Police were yesterday called to restore order at some of Harare’s leading retailers when desperate shoppers caused commotion after the outlets had received deliveries of cooking oil.
One of the big supermarkets involved had to close shop after disorderly customers stampeded for the oil — which is among several basic consumer goods that are currently in short supply in the country after the government recently unveiled much-criticised new policy measures that are aimed at reviving the economy.
Other retailers were using back alleys which are reserved for deliveries to try and minimise both potential damage to their shops and looting by frenzied buyers who besieged their premises upon witnessing deliveries of the cooking oil.
The Oil Expressers Association of Zimbabwe (OEAZ) — a grouping of seven producers who supply 95 percent of the country’s edible oils — admitted yesterday that the
situation was not ideal, but urged citizens to exercise restraint.
OEAZ had also earlier warned of stampedes at cooking oil delivery points across the country, adding that this was putting the safety of truck drivers, merchandisers and customers at risk.
“As individual companies, we will be engaging security personnel to assist with deliveries to ensure our truck drivers, merchandisers and loyal customers are not injured or prejudiced by those seeking to hoard or create chaos around delivery times.
“While we would want to deliver only at night or early in the morning it limits our ability to deal with issue of shortages and we would want to deliver 24/7 to avert the shortages.
“Each member company will assess the merits and de-merits of each tactic,” OEAZ president Busisa Moyo said.
He also said that they were making concerted efforts together with the Reserve Bank of Zimbabwe (RBZ) to improve the situation — but hinted that prices were likely to increase due to rising costs of production.
“Our members have issued recommended prices of between $3,70 to $3,99 although these may increase soon in light of increased packaging costs and other consumables which are being priced at the ‘street rates’ and rising exponentially,” he said.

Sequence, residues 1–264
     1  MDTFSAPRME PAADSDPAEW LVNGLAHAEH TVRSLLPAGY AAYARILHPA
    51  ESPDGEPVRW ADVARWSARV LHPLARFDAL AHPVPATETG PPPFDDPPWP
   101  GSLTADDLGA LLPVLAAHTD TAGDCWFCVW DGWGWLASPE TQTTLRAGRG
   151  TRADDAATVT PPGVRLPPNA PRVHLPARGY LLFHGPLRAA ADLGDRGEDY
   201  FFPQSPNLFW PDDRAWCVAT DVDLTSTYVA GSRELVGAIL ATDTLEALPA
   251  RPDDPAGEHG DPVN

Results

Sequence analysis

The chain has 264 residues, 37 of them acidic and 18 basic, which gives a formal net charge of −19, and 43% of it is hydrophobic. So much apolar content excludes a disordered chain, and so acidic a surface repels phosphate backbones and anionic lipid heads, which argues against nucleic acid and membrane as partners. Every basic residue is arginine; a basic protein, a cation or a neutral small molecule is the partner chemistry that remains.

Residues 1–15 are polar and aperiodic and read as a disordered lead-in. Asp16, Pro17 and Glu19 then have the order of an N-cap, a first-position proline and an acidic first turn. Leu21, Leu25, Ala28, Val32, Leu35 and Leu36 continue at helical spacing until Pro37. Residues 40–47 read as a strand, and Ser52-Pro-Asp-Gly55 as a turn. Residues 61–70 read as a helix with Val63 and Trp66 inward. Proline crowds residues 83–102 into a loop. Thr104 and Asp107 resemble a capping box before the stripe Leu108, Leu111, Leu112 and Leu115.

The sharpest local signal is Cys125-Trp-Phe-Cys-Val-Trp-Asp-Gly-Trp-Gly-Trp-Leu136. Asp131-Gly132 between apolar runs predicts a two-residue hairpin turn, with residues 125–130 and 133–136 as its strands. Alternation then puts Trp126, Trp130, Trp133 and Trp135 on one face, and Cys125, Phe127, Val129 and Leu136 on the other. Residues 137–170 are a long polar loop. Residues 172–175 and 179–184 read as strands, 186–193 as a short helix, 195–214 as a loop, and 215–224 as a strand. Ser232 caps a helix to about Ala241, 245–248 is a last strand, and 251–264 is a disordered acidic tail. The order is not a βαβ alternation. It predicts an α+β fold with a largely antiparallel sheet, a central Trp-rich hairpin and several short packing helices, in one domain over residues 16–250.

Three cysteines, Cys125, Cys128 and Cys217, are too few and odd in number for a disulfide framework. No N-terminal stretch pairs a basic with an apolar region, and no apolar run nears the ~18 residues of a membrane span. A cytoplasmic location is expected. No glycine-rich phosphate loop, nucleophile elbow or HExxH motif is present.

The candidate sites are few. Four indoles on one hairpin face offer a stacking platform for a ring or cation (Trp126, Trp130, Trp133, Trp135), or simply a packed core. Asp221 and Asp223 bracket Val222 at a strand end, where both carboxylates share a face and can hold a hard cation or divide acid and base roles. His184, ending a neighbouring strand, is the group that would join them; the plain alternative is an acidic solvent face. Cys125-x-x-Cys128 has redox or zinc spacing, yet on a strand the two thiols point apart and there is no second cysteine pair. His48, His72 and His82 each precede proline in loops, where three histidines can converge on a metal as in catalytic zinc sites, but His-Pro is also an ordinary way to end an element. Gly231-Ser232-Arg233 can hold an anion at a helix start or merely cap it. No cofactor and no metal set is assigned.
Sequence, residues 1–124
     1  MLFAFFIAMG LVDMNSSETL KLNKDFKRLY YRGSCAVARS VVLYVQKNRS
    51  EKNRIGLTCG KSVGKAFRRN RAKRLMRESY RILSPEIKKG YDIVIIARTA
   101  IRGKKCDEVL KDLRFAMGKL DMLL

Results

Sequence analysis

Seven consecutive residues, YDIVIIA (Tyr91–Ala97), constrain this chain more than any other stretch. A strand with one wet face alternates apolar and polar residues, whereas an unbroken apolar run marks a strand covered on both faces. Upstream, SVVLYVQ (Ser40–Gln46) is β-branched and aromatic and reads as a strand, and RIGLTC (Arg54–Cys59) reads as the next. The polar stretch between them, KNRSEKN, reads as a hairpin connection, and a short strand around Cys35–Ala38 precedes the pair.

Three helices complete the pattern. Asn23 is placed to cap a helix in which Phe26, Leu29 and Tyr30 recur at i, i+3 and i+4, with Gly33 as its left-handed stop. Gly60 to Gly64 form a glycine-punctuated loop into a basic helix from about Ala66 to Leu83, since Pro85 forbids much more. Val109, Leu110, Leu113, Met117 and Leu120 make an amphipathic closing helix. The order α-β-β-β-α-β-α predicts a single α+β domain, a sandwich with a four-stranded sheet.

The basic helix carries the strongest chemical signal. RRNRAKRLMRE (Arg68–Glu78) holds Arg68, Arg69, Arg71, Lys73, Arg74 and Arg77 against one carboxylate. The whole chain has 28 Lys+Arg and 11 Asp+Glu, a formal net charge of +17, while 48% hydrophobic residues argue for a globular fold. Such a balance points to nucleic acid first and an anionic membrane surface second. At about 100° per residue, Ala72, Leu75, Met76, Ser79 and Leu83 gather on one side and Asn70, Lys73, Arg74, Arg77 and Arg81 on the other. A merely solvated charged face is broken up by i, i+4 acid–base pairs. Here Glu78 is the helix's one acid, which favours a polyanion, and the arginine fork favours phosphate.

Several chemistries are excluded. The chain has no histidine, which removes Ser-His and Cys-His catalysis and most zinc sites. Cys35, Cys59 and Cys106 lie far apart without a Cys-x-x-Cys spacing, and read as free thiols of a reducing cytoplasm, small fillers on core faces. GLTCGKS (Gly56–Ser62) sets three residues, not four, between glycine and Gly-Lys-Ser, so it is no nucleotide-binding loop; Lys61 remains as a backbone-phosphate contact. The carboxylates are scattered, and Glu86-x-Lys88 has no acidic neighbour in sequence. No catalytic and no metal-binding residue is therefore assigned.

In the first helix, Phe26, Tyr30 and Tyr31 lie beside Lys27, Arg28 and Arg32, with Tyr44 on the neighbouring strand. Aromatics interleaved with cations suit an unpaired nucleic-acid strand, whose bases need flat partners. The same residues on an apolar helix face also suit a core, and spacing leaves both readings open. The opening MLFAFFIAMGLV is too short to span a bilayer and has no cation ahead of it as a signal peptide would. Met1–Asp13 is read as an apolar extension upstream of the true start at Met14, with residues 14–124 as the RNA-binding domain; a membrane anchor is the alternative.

Moyo said for a return to normalcy, the oil companies needed nearly $30 million.
“At the moment, we simply need $20 million in Letters of Credit and $5 million in allocations to normalise supplies, but we are aware that in the long term we will have to invest in the value chain to grow oil seeds.
“The country does not have adequate foreign currency and the credit lines are still work in progress,” he told the Daily News.
However, Confederation of Zimbabwe Retailers (CZR) president Denford Mutashu accused some of the oil expressers of “not being truthful” on the supply and production situation.
“Cooking oil supply has not improved, yet they are one of the huge beneficiaries of foreign currency from the RBZ.
“Oil expressers should publicise what quantities they have given to each retailer or wholesaler as that will also help to identify who is hoarding and overpricing.
“Retailers and wholesalers are tired of this whole unnecessary blame game which always paints a negative picture on the sector, yet truth is wrapped under,” Mutashu charged.
“There are also a few that are privileged or preferred by certain processors who get the product at normal price, but hike the price to match the day’s parallel market rate.
“We suspect they are paying for the cooking oil at the supplier with forex, hence the price disparities,” he added.
RBZ governor John Mangudya recently rushed home from the International Monetary Fund and World Bank meetings in Indonesia to attend to the domestic economic crisis.
He has since held meetings with the Confederation of Zimbabwe Industries (CZI), medical doctors, pharmaceutical companies and oil expressers to assure them about the release of emergency funds for their import needs.